Students Urged to Break 'Kaminuza Syndrome'
Rwandan students need to discard the old-fashioned mindset of studying in order to get a while-collar job, and embrace a paradigm shift which increasingly places entrepreneurship at the heart of a prosperous future.
This is one of the key messages that dominated an event held in line with the Entrepreneurship Week at the Rwanda Tourism University in Kigali on Tuesday.
This, it was observed, would see a big number of youths easily break into the world of work, as joblessness, especially among the youth, is largely linked to attitudes that do not favour hands-on vocations and entrepreneurship.
The event featured a career open day under the theme: 'Rwanda Higher Learning institutions in creating the next generation of entrepreneurs and job creators.'
John Ngarama, the Business development Manager at the Business Development Fund (BDF), called on students to make the most of every opportunity to learn self-employment skills.
He urged them to break the yoke of what he called the 'Kaminuza syndrome', a sense of false entitlement among many varsity graduates - who believe that academic papers amounted to a license to a well-paying job.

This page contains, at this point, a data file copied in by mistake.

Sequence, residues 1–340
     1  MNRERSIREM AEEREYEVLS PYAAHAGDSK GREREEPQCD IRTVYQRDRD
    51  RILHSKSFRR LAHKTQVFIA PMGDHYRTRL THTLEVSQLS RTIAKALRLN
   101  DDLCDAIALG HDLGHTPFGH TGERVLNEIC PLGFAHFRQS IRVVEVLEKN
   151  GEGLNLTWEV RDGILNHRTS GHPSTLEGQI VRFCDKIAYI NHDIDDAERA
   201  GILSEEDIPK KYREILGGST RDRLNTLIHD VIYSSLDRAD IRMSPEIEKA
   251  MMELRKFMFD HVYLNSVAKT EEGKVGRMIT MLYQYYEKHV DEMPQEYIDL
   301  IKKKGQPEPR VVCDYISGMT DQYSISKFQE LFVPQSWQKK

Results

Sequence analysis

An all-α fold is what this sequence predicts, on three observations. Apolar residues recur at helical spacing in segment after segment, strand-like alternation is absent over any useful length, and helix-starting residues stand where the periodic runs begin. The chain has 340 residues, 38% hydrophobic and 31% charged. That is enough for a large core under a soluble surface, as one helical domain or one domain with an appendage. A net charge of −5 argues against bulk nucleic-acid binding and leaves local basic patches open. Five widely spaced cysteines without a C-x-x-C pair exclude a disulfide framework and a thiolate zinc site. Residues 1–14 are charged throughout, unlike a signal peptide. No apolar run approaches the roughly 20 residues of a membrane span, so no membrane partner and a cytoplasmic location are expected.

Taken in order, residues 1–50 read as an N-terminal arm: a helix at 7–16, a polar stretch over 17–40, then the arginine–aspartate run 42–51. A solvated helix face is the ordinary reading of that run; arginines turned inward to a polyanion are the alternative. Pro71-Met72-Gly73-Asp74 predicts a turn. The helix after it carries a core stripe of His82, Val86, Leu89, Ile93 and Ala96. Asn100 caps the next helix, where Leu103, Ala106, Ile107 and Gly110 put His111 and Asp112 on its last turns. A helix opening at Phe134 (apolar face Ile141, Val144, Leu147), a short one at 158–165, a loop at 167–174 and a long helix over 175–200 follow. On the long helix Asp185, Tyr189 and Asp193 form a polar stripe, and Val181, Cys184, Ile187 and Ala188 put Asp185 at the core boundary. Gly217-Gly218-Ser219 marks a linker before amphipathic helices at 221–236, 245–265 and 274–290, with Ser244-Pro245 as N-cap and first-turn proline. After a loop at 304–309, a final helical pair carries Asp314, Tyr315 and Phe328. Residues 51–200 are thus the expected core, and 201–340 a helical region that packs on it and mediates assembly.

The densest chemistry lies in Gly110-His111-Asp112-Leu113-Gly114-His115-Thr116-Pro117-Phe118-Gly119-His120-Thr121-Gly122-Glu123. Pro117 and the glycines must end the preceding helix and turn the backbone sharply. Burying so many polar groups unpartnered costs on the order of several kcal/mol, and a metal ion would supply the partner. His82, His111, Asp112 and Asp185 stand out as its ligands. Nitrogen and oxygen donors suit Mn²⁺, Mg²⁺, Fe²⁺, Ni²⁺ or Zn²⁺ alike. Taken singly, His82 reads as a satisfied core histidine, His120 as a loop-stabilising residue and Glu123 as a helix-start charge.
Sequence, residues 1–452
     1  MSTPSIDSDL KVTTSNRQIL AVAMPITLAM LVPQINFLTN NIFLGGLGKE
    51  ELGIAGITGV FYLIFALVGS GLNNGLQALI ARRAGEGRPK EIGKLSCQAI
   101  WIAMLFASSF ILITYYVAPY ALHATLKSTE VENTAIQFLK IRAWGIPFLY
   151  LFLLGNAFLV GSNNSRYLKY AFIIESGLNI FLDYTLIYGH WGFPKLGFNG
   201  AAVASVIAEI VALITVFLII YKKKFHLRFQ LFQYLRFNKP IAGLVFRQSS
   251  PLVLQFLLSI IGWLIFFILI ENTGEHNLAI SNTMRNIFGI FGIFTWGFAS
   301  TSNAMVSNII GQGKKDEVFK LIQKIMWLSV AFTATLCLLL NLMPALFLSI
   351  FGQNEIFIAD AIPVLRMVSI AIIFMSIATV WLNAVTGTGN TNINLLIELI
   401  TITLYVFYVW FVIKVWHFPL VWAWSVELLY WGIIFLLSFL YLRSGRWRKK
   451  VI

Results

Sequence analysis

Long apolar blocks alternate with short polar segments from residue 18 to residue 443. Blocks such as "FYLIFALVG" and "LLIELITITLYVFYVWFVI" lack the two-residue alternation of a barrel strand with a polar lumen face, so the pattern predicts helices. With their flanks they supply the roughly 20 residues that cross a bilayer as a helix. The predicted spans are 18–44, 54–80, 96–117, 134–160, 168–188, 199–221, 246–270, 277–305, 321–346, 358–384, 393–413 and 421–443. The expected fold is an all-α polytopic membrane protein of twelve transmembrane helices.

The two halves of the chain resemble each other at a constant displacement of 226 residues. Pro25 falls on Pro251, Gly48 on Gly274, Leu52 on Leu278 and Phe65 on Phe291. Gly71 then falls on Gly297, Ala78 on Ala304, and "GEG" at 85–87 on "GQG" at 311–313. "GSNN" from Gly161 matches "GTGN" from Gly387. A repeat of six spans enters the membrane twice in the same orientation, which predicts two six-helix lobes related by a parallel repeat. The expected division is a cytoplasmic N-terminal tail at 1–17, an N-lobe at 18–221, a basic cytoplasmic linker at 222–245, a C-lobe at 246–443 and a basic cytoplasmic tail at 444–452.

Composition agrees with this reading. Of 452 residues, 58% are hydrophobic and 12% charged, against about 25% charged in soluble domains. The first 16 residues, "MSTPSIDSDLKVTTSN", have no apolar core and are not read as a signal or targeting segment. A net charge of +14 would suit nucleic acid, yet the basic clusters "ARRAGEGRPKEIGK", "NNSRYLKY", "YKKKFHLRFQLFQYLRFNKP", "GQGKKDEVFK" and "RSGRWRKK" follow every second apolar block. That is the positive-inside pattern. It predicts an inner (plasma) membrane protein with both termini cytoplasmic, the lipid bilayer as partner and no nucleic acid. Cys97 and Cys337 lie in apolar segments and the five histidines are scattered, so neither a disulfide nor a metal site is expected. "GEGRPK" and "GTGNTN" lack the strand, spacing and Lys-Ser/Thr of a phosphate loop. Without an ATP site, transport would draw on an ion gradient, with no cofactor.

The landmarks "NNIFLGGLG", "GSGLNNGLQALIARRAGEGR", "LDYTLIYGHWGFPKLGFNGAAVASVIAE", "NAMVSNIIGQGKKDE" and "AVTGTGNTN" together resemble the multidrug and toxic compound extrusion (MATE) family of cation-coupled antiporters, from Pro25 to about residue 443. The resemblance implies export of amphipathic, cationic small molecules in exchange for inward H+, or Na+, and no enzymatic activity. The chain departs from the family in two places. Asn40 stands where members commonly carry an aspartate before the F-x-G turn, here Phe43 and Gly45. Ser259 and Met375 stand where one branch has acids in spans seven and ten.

"You can start saving little money now and eventually join hands to do great things together through business-oriented co-operatives," he told the students.
He added: "BDF is here to support you but you have to take the first small steps by yourselves, rather than sit back and wait for jobs."
Ngarama urged university students to also participate in business plan competitions, and partake in training courses that enhance their business-related skills.
"Your mindset should be entrepreneurial-oriented," he told them "We provide guarantee of up to 25 per cent (of capital) for other people but we go up to 75 per cent for youth and women. You should be able to exploit such opportunities."
Caleb Tumusime, the in charge of employment, policy and strategies at the Public Service Commission, noted that that there is tight competition for jobs out there.
To illustrate, he said that, out of the 158,648 job-seekers who sat job exams between 2012 and 2016, only 12,109 were eventually picked.
"That's the reality out there, which is why students need to embrace the fact that they need something extra to take to the labour market, you need to have skills to create your own job," he said.
Deborah Ingabire, the country director of AISEC, an international non- governmental organisation that provides leadership skills to young people, said students also need to discard the old mindset of seeking livelihood off agriculture.
"You should think big and start looking at establishing factories that will process locally-made products and help address the issue of unemployment," he said.